Facebook Ad Units Round-up – A Complete Guide
With all of the new ads that Facebook has been rolling out lately, it can be easy to lose track of what does which in the mix. Don’t worry; we’ve got your back. Here’s a round-up of all of the ad units currently available on Facebook.
Outside URL Ads
These are ads that resolve on a URL of your choosing outside of the Facebook ecosystem. These are pretty straightforward and appear simply as ads with your chosen 100 x 72 px image, 25 character title, and 90 character body copy. Like I said, pretty straightforward.
These ads rotate around your properties on Facebook. You can choose a ‘Page Post Ad’, which allows you to pick a page post that you created and promote it on their right-hand ads column, with social interactions that post has had appended at the bottom.
The other Facebook Ads choice you have is the Fan Ad – it’s basically an outside URL ad, but it directs users to your page and features that ubiquitous ‘XX Like This’ counter. It also will show relevant social connections to users you target.
On both of these ad units, you have the ability to check a box that will show stories about people interacting with your page with your ad. My Power Editor interface was misbehaving, so I’m not clear on exactly which ads this box is meant to appear for, so if you can speak to this definitively, let me know in the comments.
There are a few different formats of Sponsored Stories, as well. The Page Like story shows a social connection ‘liking’ your page. Outside of that, it will default to showing your page with a ‘XX Like This’ counter underneath. It differs from the Fan ad by having the the 32 x 32 profile picture of the social connection heading the ad with your brands 50 x 50 picture below.
The next Sponsored Story option you have is the Page Post Like story – this is a specific post, similar to the Page Post ad. This ad unit also shows the friends-of-friends profile picture as a header and their specific interaction with the page below that. This unit will also feature up to 118 x 87 size versions of any associated pictures or videos with the story you select.
Controlling these units
All of these units can be managed either using Facebook’s streamlined Ads Manager or their more powerful Power Editor. If you use the Power Editor, you’ll have access to more granular features. These include Placement, like whether your ad only appears on desktops or mobile devices. Power editor is also where you go to determine if your ads will show up in the sidebar or strictly in-stream of targeted users. It also allows for easier management of large or bulk campaigns. However, the streamlined Ads Manager tool will provide you with immediate previews. Some ad types appear to be unable to be previewed in the power editor. There also doesn’t appear to be an easy way to promote a post in the editor.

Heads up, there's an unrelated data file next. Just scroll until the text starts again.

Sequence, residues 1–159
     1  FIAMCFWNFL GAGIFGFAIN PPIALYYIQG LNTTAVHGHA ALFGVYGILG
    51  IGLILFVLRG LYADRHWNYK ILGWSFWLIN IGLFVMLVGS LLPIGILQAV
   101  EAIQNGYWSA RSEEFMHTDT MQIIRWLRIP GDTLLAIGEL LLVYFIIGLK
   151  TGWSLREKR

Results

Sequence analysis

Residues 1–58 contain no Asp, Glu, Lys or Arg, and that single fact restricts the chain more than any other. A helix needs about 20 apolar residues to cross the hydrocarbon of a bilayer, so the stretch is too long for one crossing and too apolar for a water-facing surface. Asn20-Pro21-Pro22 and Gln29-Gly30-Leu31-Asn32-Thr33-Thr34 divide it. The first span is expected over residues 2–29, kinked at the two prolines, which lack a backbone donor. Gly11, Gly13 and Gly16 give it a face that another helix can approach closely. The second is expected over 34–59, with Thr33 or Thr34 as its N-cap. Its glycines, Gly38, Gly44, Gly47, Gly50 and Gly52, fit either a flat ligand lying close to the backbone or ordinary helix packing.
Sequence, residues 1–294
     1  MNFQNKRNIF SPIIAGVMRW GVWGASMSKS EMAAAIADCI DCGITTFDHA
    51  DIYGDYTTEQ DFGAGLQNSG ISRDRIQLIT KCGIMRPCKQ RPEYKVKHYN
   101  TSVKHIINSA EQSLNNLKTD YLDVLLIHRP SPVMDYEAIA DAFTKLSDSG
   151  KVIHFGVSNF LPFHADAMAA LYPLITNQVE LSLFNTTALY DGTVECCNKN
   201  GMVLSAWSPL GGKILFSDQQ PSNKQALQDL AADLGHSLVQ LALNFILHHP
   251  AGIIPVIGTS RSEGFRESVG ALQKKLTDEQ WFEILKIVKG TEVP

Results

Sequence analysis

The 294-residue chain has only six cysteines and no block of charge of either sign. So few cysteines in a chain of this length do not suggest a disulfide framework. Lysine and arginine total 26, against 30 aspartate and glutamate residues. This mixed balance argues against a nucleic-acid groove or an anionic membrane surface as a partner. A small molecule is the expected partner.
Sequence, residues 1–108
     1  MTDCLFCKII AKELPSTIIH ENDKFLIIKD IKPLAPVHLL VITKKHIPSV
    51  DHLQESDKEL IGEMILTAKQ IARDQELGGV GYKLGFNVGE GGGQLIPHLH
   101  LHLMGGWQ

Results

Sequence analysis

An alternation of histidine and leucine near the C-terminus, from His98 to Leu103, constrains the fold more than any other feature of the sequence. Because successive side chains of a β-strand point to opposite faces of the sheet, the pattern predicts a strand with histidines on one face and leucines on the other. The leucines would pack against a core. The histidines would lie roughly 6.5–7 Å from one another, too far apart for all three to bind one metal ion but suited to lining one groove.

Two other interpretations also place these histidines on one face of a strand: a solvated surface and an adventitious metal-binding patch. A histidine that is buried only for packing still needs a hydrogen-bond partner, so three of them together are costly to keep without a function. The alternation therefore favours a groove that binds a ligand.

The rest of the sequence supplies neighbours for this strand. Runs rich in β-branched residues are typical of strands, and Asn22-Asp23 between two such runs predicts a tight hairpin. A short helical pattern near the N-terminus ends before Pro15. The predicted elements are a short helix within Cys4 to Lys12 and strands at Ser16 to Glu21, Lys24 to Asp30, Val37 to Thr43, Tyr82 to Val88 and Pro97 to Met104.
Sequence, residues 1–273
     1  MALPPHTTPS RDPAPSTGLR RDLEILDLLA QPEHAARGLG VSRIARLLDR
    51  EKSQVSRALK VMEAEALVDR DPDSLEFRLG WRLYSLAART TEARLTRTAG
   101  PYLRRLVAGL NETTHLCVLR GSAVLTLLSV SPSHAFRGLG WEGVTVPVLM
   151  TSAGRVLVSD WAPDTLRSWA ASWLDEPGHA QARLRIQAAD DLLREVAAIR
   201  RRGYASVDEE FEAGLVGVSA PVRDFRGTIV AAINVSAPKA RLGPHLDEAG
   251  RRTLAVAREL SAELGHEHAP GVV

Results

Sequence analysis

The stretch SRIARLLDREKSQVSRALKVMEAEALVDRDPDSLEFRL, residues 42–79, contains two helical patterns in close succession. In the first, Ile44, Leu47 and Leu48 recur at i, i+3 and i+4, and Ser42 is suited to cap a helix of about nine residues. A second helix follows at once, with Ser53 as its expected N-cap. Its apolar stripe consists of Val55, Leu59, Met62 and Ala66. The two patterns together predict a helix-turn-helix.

There are a few other ad units available on Facebook. Some of them are reserved for large brands only. These require an ad sales account executive. Facebook has traditionally debuted new ad units with these advertisers first, and then later rolled them into automated platforms. Because of that, I’m going to review them here as well.
Promoted Posts are a unit available to any pages between 400 and 100,000 likes. These posts are designed to let page managers increase their reach and/or engagement on the fly. Promoted Posts will show up in the feeds of users who already like a page that don’t already get a page’s posts organically. They can be accessed directly from the timeline. Posts older than 3 days cannot be promoted.
Log Out Ads
These are premium ad units sold through ad sales executives to big advertisers. They appear only when a targeted user logs out. They offer rich content options – Bing had a logout ad with a search box that redirected users to its results page and the movie Titanic had a playable trailer when it was rereleased in 3D.
Sponsored Results Ads
These are also currently only available to larger advertisers and are still in early testing phases. These ads are similar to search ads – they appear as sponsored results when a user is searching for a particular page. However, they currently are only available to be bought against specific Pages, not for keywords. These ads will only appear in the auto-complete as a user is filling out the name of the page they are searching for. They also can be run regardless of the content of either page.
So that’s it for our round-up of Facebook’s latest-and-greatest ad units. Let me know if I missed any, as I’m sure between now and publishing time they’ll have debuted at least sixteen more options.
What do you think of all the new Facebook Ad units – are they totally awesome or totally worthless?